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The Australian consumer law after the first three years - is it a success?

By Des Taylor and Noeleen McNamara

Abstract

The Australian Consumer Law (ACL), which is located in Schedule 2 of the Competition and Consumer Act 2010 (Cth) (CCA), came into force on 1 January 2011. A main reason for the ACL was to create a single Australia-wide regime, which would replace the myriad of consumer protection provisions contained in the Trade Practices Act 1974 (Cth) (TPA) and the various State and Territory legislation the majority of which being the State Fair Trading Acts. The hope was that this new single Australia-wide regime approach to consumer protection would bring with it greater legal certainty than previously, especially for businesses operating in more than one of the Australian jurisdictions (a common feature in today's business world). However, a consolidation of the existing law was not the only goal; several other significant changes were also implemented, one of which was an increase in the enforcement powers of the Australian Competition and Consumer Commission (ACCC). Now that it has been in force for three years, it is timely to assess whether or not the ACL has been a success. This is an area of the law that is particularly important since various provisions of the ACL apply not just to consumer law matters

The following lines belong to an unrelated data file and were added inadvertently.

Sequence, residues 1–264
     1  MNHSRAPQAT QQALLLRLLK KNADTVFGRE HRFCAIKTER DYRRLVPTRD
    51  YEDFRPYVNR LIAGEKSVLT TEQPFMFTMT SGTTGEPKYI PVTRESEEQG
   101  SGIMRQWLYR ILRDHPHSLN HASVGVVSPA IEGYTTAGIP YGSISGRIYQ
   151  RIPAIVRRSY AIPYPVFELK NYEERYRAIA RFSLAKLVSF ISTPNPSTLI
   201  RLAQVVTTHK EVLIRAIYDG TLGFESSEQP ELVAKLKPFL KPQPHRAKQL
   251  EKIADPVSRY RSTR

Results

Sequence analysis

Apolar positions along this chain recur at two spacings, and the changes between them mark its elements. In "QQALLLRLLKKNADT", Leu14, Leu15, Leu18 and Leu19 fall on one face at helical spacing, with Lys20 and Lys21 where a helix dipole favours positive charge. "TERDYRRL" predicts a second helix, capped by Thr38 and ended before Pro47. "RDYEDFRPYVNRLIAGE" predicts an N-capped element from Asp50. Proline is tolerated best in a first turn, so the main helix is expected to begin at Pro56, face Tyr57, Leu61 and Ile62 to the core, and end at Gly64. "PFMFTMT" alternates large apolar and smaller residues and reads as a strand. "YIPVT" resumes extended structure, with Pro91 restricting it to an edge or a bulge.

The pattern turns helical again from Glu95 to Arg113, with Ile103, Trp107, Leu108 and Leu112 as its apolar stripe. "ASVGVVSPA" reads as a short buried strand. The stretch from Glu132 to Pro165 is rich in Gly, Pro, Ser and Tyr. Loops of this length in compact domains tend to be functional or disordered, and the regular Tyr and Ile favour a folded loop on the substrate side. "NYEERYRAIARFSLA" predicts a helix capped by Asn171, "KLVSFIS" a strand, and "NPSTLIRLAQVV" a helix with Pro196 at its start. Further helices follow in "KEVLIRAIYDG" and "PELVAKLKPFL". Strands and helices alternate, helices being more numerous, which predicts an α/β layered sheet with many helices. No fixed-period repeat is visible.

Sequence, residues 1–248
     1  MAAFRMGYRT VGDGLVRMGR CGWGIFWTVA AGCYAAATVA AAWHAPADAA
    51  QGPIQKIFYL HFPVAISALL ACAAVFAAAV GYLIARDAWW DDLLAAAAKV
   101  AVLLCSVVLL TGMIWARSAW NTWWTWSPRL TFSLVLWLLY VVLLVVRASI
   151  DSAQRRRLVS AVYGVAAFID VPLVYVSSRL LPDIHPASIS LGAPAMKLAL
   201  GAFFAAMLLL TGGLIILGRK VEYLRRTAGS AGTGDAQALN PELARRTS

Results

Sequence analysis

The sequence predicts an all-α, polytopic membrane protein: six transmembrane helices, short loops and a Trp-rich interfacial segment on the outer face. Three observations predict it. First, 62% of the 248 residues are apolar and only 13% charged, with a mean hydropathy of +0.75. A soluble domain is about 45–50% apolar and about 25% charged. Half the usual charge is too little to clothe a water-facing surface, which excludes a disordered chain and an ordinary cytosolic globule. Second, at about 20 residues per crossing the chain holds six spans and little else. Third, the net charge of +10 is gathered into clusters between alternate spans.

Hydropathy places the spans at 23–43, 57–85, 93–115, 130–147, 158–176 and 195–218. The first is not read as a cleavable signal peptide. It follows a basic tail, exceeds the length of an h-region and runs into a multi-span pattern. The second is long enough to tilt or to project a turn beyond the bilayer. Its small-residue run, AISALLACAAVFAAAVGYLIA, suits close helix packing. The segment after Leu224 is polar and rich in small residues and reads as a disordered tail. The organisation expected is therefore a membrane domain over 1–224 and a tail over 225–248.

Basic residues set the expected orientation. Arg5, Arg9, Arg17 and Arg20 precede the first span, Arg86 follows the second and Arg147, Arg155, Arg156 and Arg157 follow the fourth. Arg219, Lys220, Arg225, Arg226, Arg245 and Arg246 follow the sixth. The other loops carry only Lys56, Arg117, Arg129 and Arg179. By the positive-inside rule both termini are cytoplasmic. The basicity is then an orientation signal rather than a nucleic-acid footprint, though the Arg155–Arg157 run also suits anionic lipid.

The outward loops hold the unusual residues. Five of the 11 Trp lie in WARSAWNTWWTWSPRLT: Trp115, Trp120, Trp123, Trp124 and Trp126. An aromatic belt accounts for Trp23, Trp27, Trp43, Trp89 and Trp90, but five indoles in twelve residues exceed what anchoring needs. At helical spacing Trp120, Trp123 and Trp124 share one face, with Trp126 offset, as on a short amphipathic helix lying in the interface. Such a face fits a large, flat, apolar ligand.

Publisher: LexisNexis Butterworths
Year: 2014
OAI identifier: oai:eprints.usq.edu.au:26613
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